Set in 1970, a team of scientists decipher a mysterious signal from space and discover that it provides instructions to build a powerful super-computer. Once built, this computer provokes ...
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Set in 1970, a team of scientists decipher a mysterious signal from space and discover that it provides instructions to build a powerful super-computer. Once built, this computer provokes argument between two of leading team members, Fleming and Dawnay, over the machine's real intentions as it provides further instructions to create a living organism, which Dawnay starts to develop. Later it appears to compel lab assistant Christine to commit suicide, and when the organism is fully developed, it appears in the exact form of Christine, and named Andromeda. But what is the purpose of this "creature" ...? Written by
Little of this series remains. Until 2006, only approximately fifteen minutes (the fourth and fifth film reels) of the final episode survived, plus some clips including the titles. The sequel, The Andromeda Breakthrough (1962), survives in its entirety. See more »
'A For Andromeda' (AFA) is renowned as one of the great science fiction series of the 1960's. Produced by the BBC in 1961 and co-written by revered and controversial scientist Fred Hoyle, the programme made a star of Julie Christie and also featured a superb performance from Peter Halliday as the scientist with a conscience, Dr John Fleming.
AFA is basically the story of the events following the receipt of a message transmitted from the Andromeda galaxy. The message, once decoded, gives instructions for building a massive and very advanced computer. Once built, it is clear that the computer is not a gift, it has its own agenda and after giving instructions on 'building' a giant eye, it then gives out some DNA coding which leads to the creation of a beautiful girl called 'Andromeda' (Christie). What makes this even more sinister is that she is a blonde replica of a brunette lab assistant who apparently committed suicide in the computer block....
What follows is a superb drama, and the interplay between Mary Morris' Professor Dawnay and Dr Fleming is something that is impossibly rare in modern science fiction - superb characterisation, superb dialogue, and genuine unease being built through the discussion of ideas alone. Is it good, is it evil, or is it just so far beyond our understanding that we can't hope to grasp what is happening? Dr Fleming, whose scientific curiosity was instrumental in its creation, cannot come to terms with what is happening and is burdened by guilt. The other side of the coin is Dawnay, who is driven by her scientific curiosity to see what will emerge, regardless of the outcome.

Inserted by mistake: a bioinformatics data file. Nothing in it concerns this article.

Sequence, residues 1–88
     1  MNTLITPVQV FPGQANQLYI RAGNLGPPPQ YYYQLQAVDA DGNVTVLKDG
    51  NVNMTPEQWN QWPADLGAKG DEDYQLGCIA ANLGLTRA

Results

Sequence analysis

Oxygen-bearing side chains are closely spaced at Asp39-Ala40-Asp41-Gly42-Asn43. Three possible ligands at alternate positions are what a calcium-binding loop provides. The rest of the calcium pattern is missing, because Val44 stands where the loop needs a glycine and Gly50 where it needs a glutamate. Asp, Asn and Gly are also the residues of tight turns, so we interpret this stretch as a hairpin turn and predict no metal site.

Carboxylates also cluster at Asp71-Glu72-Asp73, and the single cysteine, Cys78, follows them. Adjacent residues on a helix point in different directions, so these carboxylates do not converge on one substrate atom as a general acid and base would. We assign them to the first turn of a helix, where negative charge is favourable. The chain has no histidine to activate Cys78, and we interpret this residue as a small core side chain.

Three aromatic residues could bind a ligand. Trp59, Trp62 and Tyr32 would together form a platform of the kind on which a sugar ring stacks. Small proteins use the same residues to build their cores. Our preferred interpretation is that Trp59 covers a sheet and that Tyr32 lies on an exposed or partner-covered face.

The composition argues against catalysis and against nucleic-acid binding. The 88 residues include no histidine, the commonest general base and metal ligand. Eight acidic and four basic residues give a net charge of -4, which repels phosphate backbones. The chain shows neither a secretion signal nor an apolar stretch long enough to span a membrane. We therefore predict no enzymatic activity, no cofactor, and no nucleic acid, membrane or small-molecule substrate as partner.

The story is complicated by the world situation. It is set in a near future where a large corporation called 'Intel' (spooky!) calls the tune and Britain is a minor power. The British hope is that the computer will help to increase their position in the game of world politics.
The story has often been criticised by devotees of the 'Quatermass' school of science fiction for being too slow and wordy, but this is a sad comment on the critics rather than a valid flaw in the series. AFA is not just a 'sci-fi' story - it deals with many concepts and ideas, as well as the basic human struggle of everyday survival. We don't even know if the enemy is an enemy - it is a story of ideas and suggestion, and such it is superb. If you want to know how good it is, just compare it with two recent films that have blatantly stolen its initial premise - 'Species' and 'Contact'. I rest my case!
Sadly, like so much TV produced by the BBC in the 1950's, 1960's and early 1970's, it doesn't exist anymore, having been wiped. There are some extracts remaining, mainly filmed inserts and the last 15 minutes or so of the final episode. There are also rumours of an episode existing in the hands of a private collector, but this has yet to be confirmed. It is a terrible loss, for which the BBC can have no valid excuse, but for them it is just one of many.
However, the series was remade in Italy in 1971, as 'A Come Andromeda', so it is possible to see it and visualise what went on, even if you don't speak Italian. And, perhaps more importantly, the series writers Fred Hoyle and John Elliott turned out a novel that is a superb work in its own right, and is a worthy substitute for the series itself. Combine the Italian series and the book and you might at least feel you have gained a glimpse into what was a ground-breaking and superb series.
The story doesn't end here, however. What is less well known is that there was a sequel, 'The Andromeda Breakthrough'. This featured the same cast, with the exception of Julie Christie, who, for whatever reason, was replaced by Susan Hampshire. This series does exist in its entirety in the BBC's vaults, but they seem unwilling to release it, which is a shame because it is a seamless and logical progression of the original story, leading to a revealing and satisfying conclusion. There is also a Hoyle and Elliott novel of this story, which is every bit as good as AFA, so if you can't get to see the series, then the book is, again, a worthy substitute.
In summary, AFA was epoch-breaking television, the like of which has rarely been seen since, and also features one of the most under-rated and underused actors of the late 20th century - Peter Halliday, whose performance as Dr John Fleming is not only superb, but is perhaps a defining role in science fiction.
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